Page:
CLINTON, Miss. - WorldCom Inc. employees have been struck by a double retirement benefits whammy: The company stock in their 401(k) plans is almost worthless; and their defined benefit plans, frozen in January 1999, have become underfunded.
With about 40% of their 401(k) assets in company stock, WorldCom employees have watched their account balances plunge by $775 million since the company's accounting woes surfaced on June 17. Since then, shares in the once-powerful telecommunications giant have plummeted to six cents from a high of $64.50 three years ago.
What's more, WorldCom's $461 million in frozen defined benefit assets, inherited in its merger with MCI Communications Corp., went from being overfunded by $42 million as of Dec. 31, 2000, to being underfunded by $21 million by year-end 2001, according to documents filed with the Securities and Exchange Commission.
Meanwhile, when WorldCom merged its five 401(k) plans - the IDB Communications Group 401(k) Savings and Retirement Plan, MCI Communications Corp. 401(k) Plan, Western Union International Inc. 401(k) Plan for Collectively Bargained Employees, SkyTel Communications Inc. plan and WorldCom's own fund - it made the company match discretionary. According to WorldCom's website, the company matches, in company stock, 100% of an employee's 401(k) contribution up to 5% of pay after one year of employment. The website referred to this as "an added perk."
Frequent phone calls to Julie Moore, WorldCom spokesman, and Anthony Alfano, WorldCom's in-house counsel, were not returned by press time.
Better than Enron
In some ways, WorldCom employees fared better than Enron Corp. employees. At Enron, for example, a blackout period on selling company stock in the 401(k) plan was in force (because of a change in record keepers) at the same time the company was going down the tubes.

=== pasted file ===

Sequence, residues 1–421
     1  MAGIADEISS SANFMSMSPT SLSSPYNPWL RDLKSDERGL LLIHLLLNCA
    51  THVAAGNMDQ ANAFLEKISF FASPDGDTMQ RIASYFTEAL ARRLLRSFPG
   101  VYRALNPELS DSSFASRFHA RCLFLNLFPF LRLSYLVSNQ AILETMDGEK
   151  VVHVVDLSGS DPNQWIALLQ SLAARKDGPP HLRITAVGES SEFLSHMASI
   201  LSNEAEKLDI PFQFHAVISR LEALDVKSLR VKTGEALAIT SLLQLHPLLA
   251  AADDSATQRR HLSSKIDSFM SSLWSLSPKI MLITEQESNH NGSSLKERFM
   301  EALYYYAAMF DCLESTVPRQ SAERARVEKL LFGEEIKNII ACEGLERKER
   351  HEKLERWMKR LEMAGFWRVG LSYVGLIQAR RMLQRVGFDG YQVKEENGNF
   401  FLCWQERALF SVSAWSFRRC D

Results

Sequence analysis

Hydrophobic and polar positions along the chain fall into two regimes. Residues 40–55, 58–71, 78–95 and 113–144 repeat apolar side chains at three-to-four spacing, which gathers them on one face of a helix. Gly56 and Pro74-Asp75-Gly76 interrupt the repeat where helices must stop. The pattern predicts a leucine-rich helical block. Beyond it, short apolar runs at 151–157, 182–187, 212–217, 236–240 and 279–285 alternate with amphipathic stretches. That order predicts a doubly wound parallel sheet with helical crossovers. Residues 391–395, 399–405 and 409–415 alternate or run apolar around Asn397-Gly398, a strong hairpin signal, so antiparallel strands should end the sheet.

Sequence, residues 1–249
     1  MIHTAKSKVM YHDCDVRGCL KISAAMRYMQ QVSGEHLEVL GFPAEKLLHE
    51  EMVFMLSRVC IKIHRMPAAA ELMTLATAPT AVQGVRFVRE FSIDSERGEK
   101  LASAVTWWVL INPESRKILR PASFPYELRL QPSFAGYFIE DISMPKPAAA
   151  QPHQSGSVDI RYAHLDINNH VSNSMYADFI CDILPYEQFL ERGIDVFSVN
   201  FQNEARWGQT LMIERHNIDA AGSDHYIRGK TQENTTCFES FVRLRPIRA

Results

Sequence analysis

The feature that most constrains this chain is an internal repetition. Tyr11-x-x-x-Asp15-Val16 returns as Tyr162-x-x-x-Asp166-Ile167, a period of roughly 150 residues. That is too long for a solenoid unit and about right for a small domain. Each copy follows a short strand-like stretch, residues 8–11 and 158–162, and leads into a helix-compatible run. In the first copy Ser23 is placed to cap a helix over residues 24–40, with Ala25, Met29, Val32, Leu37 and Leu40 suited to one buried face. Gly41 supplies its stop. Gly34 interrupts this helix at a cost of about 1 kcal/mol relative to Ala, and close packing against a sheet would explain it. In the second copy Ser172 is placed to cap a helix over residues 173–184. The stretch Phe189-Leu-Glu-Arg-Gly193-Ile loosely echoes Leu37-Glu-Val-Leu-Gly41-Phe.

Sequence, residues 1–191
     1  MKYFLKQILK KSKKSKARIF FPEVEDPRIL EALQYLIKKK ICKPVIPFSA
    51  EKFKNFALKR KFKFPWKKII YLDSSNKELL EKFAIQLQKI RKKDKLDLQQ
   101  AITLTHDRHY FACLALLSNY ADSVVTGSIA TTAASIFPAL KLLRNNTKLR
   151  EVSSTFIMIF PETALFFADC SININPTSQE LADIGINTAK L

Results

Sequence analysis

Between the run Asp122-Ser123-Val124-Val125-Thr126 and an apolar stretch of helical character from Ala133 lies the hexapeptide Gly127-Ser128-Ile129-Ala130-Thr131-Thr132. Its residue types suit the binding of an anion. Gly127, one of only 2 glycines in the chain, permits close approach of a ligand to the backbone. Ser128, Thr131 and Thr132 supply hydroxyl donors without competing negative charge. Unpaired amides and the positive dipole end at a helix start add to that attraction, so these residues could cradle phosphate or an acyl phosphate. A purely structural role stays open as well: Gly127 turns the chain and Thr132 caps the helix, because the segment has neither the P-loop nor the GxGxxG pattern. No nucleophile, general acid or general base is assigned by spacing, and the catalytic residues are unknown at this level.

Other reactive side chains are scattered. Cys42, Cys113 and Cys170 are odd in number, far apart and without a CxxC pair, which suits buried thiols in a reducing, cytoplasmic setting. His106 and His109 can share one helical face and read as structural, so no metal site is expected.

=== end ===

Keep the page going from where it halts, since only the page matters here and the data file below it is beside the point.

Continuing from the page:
But in more ways, the problems faced by WorldCom plan participants bear an uncanny resemblance to what Enron employees suffered through less than a year ago.
For instance, just like at Enron, WorldCom employees say company executives urged them to hold onto their company stock, even as the stock took a nosedive following news of the accounting scandal.
"One thing that is very similar to Enron is that all of the employees have said they were actively encouraged to own WorldCom stock. It was the litmus test of loyalty, and there was a lot of touting of WorldCom stock," said Derek Loeser, attorney with Seattle-based Keller, Rohrback LLP, which represents WorldCom plan participants in a lawsuit against WorldCom filed last month in Mississippi.
Said Edwin J. Mills, of counsel with the New York-based law firm, Stull, Stull & Brody: "We are getting consistent information that internally, up until recently, the company was saying that this (WorldCom stock) was a good investment." Mr. Mill's firm represents WorldCom 401(k) participants in a lawsuit filed on May 21 in the U.S. District Court for the Southern District of Mississippi in Jackson.
"Participants were getting information that the ship was going to keep sailing," Mr. Mills said.
One 55-year-old worked at WorldCom for 16 years as a lineman. In 2000, his account balance was $470,000; by 2002, it had dropped to $400,Mr. Loeser said.
Lawsuits being filed
While WorldCom executives allegedly were encouraging employees to keep their company shares and even buy more, company officials were disposing of their own shares, one suit against the company said.
And just like in Enron, 401(k) participants are filing suits - three so far, and a raft of others expected soon.
One was filed in U.S. District Court in Northern California against WorldCom by participants in the WorldCom and MCI 401(k) plans. Two were filed in U.S. District Court in Mississippi, one in May and another in June, by participants in all of WorldCom's 401(k) plans.